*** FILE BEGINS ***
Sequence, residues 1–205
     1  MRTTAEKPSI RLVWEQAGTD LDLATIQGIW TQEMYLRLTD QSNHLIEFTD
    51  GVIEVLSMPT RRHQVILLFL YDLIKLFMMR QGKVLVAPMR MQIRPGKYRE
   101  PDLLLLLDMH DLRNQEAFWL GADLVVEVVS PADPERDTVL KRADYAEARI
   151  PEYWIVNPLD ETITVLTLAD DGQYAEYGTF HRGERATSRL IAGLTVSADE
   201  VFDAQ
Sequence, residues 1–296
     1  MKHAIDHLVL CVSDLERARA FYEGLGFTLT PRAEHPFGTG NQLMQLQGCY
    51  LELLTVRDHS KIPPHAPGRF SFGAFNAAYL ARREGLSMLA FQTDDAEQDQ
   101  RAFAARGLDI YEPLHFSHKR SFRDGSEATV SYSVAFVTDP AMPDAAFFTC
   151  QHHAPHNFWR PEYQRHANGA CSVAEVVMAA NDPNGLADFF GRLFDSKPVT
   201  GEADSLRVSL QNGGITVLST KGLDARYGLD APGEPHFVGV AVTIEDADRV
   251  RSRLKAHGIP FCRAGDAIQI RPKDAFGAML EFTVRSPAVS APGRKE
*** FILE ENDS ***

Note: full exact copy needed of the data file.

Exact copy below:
Sequence, residues 1–205
     1  MRTTAEKPSI RLVWEQAGTD LDLATIQGIW TQEMYLRLTD QSNHLIEFTD
    51  GVIEVLSMPT RRHQVILLFL YDLIKLFMMR QGKVLVAPMR MQIRPGKYRE
   101  PDLLLLLDMH DLRNQEAFWL GADLVVEVVS PADPERDTVL KRADYAEARI
   151  PEYWIVNPLD ETITVLTLAD DGQYAEYGTF HRGERATSRL IAGLTVSADE
   201  VFDAQ
Sequence, residues 1–296
     1  MKHAIDHLVL CVSDLERARA FYEGLGFTLT PRAEHPFGTG NQLMQLQGCY
    51  LELLTVRDHS KIPPHAPGRF SFGAFNAAYL ARREGLSMLA FQTDDAEQDQ
   101  RAFAARGLDI YEPLHFSHKR SFRDGSEATV SYSVAFVTDP AMPDAAFFTC
   151  QHHAPHNFWR PEYQRHANGA CSVAEVVMAA NDPNGLADFF GRLFDSKPVT
   201  GEADSLRVSL QNGGITVLST KGLDARYGLD APGEPHFVGV AVTIEDADRV
   251  RSRLKAHGIP FCRAGDAIQI RPKDAFGAML EFTVRSPAVS APGRKE